The DAA has said it could provide thousands of tests daily at Cork and Dublin, but was held back as it waited for a planning permission exemption. That is now being granted. Testing could start as early as next week.

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The ECDC's combined indicator map from November 12, 2020.

The ECDC's combined indicator map from November 12, 2020.

The ECDC's combined indicator map from November 12, 2020.

Remind me why all of this is happening?

Ireland has signed up to the EU’s ‘traffic light’ system for travel, which rates regions as 'red', 'orange', 'green' or 'grey' based on weekly Covid incidence maps compiled by the European Centre of Disease Prevention and Control (ECDC).

You can catch up with a full explainer on the traffic light system here.

As of this week, passengers arriving from ‘orange’ countries do not have to restrict their movements for 14 days if they carry proof of a negative PCR test result gained within the previous three days.

From November 29, travellers from ‘red’ regions, and countries outside the EU, will be able to stop restricting their movements if they get a negative PCR test result a minimum of five days after arrival.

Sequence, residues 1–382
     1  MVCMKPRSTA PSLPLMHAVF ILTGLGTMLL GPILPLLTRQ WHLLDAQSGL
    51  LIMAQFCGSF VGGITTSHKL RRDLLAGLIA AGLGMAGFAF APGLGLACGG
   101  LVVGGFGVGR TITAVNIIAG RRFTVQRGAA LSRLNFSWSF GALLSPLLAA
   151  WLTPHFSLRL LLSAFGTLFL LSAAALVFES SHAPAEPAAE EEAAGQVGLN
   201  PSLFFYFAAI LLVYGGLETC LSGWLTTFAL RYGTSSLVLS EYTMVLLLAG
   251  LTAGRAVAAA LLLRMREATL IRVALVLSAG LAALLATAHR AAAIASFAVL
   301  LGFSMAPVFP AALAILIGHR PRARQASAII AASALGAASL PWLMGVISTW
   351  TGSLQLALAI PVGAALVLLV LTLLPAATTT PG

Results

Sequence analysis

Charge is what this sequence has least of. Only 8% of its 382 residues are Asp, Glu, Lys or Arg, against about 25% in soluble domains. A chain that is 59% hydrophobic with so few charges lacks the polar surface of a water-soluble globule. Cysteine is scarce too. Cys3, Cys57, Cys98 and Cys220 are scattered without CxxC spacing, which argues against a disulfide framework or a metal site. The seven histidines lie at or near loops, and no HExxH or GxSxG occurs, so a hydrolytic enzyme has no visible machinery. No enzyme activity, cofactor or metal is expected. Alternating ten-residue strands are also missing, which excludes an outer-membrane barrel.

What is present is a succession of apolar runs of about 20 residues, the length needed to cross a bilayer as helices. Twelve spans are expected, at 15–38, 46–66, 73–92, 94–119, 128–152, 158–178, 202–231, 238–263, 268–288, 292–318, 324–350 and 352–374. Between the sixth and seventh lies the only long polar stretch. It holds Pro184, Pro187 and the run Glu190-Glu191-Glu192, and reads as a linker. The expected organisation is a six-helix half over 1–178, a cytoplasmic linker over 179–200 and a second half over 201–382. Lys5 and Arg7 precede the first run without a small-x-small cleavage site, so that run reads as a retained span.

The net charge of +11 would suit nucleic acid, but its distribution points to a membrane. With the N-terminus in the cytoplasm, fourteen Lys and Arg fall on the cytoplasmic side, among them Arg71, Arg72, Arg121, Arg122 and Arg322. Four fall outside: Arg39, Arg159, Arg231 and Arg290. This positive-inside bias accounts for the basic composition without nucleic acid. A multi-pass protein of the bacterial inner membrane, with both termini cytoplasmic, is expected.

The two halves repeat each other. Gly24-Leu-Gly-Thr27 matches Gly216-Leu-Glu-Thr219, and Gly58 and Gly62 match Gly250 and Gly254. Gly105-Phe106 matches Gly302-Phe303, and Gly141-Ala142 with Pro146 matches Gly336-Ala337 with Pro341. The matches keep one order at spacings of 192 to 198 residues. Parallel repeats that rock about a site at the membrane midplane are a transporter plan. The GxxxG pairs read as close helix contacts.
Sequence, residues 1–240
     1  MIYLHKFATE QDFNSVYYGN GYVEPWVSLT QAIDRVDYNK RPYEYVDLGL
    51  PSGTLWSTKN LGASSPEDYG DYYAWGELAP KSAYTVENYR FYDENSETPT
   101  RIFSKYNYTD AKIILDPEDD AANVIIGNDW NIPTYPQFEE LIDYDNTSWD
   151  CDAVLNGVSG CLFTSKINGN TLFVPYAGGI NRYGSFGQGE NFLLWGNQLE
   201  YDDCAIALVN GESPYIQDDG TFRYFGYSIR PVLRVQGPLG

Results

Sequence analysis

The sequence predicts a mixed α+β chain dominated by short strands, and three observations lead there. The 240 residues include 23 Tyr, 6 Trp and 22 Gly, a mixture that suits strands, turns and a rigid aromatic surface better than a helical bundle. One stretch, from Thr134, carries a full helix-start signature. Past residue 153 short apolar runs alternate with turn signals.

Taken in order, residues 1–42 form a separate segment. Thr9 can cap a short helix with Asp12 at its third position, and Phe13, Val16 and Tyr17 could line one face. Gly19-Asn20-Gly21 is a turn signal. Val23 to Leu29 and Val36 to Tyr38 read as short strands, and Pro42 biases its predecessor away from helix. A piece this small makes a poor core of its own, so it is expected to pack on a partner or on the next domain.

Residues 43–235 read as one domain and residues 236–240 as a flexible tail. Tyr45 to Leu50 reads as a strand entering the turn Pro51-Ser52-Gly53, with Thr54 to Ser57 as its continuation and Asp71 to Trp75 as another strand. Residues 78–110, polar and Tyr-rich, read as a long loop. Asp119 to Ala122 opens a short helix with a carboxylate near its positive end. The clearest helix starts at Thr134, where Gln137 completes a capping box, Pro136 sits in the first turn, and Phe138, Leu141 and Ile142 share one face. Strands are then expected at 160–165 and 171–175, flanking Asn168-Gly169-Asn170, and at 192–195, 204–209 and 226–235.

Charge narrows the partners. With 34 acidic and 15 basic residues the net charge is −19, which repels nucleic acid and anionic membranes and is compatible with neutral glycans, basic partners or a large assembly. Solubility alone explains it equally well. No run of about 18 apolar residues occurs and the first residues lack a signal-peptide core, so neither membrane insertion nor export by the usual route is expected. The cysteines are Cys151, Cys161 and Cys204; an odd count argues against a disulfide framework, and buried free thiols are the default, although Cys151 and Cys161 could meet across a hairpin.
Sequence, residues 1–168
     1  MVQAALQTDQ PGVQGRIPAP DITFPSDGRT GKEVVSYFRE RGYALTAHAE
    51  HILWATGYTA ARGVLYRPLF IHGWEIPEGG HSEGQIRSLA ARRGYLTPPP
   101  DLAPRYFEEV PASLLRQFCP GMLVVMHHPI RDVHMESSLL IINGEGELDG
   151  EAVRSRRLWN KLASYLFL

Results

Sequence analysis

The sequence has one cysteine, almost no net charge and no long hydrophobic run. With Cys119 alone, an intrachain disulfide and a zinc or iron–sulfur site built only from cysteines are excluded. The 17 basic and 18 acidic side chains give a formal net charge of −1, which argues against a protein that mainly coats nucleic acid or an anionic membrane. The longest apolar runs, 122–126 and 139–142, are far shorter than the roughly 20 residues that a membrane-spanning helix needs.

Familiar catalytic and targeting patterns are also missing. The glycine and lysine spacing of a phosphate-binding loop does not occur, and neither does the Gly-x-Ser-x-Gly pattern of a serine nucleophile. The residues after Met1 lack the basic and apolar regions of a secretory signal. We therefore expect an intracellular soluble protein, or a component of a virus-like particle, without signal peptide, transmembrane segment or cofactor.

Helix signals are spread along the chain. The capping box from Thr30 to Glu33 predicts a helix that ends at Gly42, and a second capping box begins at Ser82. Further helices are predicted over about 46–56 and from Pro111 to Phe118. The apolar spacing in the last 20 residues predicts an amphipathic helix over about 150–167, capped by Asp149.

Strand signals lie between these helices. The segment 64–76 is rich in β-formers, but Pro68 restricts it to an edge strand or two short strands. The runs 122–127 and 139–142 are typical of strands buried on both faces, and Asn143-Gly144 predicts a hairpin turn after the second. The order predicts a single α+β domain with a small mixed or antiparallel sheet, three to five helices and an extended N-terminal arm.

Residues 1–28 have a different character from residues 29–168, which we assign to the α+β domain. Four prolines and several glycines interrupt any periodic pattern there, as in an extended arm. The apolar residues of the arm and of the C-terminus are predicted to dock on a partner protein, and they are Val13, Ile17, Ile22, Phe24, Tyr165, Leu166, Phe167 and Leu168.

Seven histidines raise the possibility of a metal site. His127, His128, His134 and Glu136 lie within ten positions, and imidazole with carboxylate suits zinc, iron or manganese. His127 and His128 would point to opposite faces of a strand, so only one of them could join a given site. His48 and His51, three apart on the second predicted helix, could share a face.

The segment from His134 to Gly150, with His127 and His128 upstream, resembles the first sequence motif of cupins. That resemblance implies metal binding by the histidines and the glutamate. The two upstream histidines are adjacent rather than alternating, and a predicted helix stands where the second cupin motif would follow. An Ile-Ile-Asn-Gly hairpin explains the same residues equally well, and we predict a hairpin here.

Increasingly, other countries are requiring proof of negative PCR test results too – Spain plans to introduce this for travellers from ‘at-risk’ regions (including Ireland) from November 23, for example.

It follows the collapse of international travel during the pandemic, and desperate lobbying by the aviation and tourism industries for a testing regime to help reboot consumer confidence.

Does this mean we can fly home for Christmas?

It’s possible, but too early to say for sure.

Increased acceptability of testing, especially for those from ‘orange’ countries, could make travel easier. Aer Lingus and Ryanair have kept flights available over the holiday season and could add capacity if there is sufficient demand.

However, Ireland remains on Level 5 and a raging wave of coronavirus has turned almost all of Europe ‘red’. Today, Tánaiste Leo Varadkar advised people not to book flights home yet for the festive season.

It all depends on infection rates in the coming weeks.

What restrictions do other countries have in place?

Travel between 'green' regions is without restriction, but countries have different testing and quarantine restrictions for 'orange' and 'red' countries. You can see these on the EU's Reopen-EU website.